Texas judge BLOCKS state’s pre-Roe ban on abortions with two months until ‘trigger law’ enforced
Texas judge BLOCKS pre-Roe v. Wade state abortion ban by just two months until ‘trigger law’ sparked by Supreme Court ruling is enforced
- The judge’s order was in response to a challenge from the ACLU arguing that an abortion ban enacted before 1973 was “repealed and unenforceable.”
- Under the temporary restraining order, abortions in the Lone Star State are allowed to be performed up to six weeks into pregnancy, at least for now
- The 1925 pre-Roe ban ruling won’t affect the state’s “trigger law,” a law that states that abortion would be made illegal after the quashing of Roe v. Wade
- The trigger law, passed in 2021 pending the Supreme Court’s decision, will come into effect in about two months
A judge in Harris County, Texas, temporarily blocked the enactment of the state’s pre-Roe abortion ban on Tuesday.
The judge’s order was in response to a challenge from the American Civil Liberties Union (ACLU) arguing that an abortion ban enacted before 1973 was “repealed and unenforceable.”
Under the temporary restraining order, abortions in the Lone Star State can be performed for up to six weeks during pregnancy, at least for now — the order will last until a hearing on July 12, after which the judge will decide whether it should be terminated.
The ruling on the 1925 pre-Roe Prohibition does not affect the state’s “trigger law,” a law passed by the legislature stating that abortion would be made illegal after the annulment of Roe v. Wade. The trigger law, passed in 2021 ahead of the Supreme Court’s decision, will come into effect in about two months.
The pre-Roe ban states that those who perform abortion procedures can be punished with two to five years in prison. The law was never taken off the books, but Texas stopped enforcing it after Roe v. Wade legalized abortions to about 20 weeks.
Attorney General Ken Paxton explained last week that the law would ban abortion 30 days after the Supreme Court overthrows Roe. And although the court ruled on Friday, the official ruling is not expected for 25 days.
Attorney General Ken Paxton explained last week that the law would ban abortion 30 days after the Supreme Court overthrows Roe. And although the court issued its opinion on Friday, the official ruling is not expected for 25 days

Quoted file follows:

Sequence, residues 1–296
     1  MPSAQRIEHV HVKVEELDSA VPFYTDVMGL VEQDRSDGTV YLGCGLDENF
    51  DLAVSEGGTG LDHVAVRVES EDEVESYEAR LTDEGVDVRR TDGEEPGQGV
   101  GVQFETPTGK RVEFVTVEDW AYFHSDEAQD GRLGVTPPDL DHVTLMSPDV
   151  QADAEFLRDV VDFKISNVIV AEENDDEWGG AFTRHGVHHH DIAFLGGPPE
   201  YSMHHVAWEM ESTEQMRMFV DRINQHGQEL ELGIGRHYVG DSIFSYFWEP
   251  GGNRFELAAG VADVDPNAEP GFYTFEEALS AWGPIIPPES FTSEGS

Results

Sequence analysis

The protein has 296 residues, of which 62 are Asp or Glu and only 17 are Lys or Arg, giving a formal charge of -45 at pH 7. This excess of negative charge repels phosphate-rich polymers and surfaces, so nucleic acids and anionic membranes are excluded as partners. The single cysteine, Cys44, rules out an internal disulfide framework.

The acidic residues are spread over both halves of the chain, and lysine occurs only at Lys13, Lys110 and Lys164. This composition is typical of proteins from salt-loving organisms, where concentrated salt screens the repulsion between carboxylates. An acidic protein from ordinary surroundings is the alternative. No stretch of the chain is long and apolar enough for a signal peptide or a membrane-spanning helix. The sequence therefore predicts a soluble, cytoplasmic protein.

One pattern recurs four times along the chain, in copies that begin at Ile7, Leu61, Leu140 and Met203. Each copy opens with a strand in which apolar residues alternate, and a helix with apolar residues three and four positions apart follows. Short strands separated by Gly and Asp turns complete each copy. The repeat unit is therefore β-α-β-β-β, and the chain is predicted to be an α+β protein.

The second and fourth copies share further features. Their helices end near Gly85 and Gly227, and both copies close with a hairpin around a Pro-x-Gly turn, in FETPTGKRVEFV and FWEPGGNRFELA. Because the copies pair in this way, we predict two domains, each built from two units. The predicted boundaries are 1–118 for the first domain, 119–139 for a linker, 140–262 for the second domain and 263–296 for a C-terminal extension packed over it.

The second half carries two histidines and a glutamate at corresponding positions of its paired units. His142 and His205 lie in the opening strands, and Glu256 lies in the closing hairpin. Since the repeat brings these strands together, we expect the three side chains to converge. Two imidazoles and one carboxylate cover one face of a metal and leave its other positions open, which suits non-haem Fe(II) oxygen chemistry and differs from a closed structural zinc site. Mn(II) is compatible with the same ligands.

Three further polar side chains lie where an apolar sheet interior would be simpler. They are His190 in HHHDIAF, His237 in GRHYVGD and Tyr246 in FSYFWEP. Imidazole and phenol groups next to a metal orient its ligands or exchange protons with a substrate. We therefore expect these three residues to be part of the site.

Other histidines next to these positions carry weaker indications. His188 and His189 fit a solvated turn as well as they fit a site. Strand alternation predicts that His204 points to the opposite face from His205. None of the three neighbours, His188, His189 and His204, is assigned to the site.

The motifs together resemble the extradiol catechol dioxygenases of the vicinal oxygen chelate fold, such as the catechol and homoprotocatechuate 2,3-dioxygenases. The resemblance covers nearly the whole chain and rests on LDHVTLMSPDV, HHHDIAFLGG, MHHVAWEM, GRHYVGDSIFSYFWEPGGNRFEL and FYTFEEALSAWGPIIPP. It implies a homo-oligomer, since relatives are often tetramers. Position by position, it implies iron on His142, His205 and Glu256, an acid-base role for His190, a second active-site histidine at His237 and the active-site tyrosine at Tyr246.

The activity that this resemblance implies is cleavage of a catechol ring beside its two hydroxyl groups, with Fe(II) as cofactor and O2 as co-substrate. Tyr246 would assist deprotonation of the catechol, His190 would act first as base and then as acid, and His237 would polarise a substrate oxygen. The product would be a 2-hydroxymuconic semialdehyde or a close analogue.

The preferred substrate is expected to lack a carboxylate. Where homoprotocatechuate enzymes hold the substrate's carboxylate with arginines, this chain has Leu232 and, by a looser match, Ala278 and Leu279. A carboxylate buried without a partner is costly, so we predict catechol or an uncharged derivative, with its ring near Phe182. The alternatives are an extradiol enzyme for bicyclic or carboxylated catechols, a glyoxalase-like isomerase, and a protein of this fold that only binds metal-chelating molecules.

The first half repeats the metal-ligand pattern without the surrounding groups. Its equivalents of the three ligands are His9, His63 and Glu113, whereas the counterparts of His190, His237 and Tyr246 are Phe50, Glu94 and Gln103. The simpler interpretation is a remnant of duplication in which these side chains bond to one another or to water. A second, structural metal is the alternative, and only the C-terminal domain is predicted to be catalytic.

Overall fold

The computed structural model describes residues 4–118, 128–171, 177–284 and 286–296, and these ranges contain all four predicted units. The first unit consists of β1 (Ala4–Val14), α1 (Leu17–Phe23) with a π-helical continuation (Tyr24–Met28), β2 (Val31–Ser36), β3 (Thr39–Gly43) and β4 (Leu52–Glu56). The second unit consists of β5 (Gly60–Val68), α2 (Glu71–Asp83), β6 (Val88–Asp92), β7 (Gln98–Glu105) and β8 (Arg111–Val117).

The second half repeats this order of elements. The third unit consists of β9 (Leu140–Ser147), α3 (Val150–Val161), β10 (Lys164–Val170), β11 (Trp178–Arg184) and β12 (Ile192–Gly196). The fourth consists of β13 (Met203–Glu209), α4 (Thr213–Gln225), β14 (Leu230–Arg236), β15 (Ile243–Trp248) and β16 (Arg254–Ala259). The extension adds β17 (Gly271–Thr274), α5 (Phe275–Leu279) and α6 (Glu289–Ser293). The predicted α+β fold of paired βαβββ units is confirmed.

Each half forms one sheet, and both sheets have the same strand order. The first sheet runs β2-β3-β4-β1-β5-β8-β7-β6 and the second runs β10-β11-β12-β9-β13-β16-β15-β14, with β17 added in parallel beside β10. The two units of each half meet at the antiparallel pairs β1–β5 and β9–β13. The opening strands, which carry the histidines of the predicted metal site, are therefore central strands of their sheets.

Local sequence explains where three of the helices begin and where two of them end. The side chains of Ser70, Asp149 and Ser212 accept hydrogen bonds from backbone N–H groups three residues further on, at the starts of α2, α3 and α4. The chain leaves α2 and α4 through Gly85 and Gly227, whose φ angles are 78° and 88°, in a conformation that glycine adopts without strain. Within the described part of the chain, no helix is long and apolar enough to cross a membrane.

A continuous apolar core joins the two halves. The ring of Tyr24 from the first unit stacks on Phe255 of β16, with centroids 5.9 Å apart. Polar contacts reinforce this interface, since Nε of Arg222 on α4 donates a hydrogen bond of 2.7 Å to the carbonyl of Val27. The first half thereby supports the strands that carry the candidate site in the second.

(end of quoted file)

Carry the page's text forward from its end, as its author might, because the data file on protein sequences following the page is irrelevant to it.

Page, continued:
Abortion rights protesters gather at a reproductive freedom rally at Pan American Neighborhood Park in Austin, Texas, on June 26, 2022
Law enforcement officers separate protesters at a reproductive freedom rally at Pan American Neighborhood Park on June 26, 2022 in Austin, Texas
At the time, Paxton said providers could still face criminal charges because the state would begin enforcing the nearly 100-year pre-Roe ban, which blocks virtually all abortions, and is suing the ACLU and two abortion clinics to undo.
In 2021, Texas passed a law banning abortions after 6 weeks, in an effort to evade legal challenges by imposing the responsibility on individuals to sue those who help and encourage women to have an abortion.
The so-called ‘trigger ban’ on abortion at any stage of pregnancy makes exceptions only to save the mother’s life or prevent ‘significant impairment of important bodily functions’.
When the trigger ban goes into effect, women who have abortions won’t be prosecuted, but anyone who helps a woman get the procedure can, and doctors who perform abortions could face up to $100,000 in fines or life.
Last Friday, the court ruled 6-3 to enforce a 15-week abortion ban in Mississippi and 5-4 to overturn the landmark case legalizing abortion, Roe.
Meanwhile, in Tennessee, an abortion ban of about six weeks went into effect after the 6th Circuit Court of Appeals lifted its suspension in light of the Supreme Court’s decision.
On Friday, Virginia Governor Glenn Youngkin announced that he will seek to implement a 15-week abortion ban.
With the landmark case quashed, 13 states with trigger bans will ban abortion within 30 days. Other states have laws that have been blocked or scrapped, but without Roe, those laws are likely to come into effect.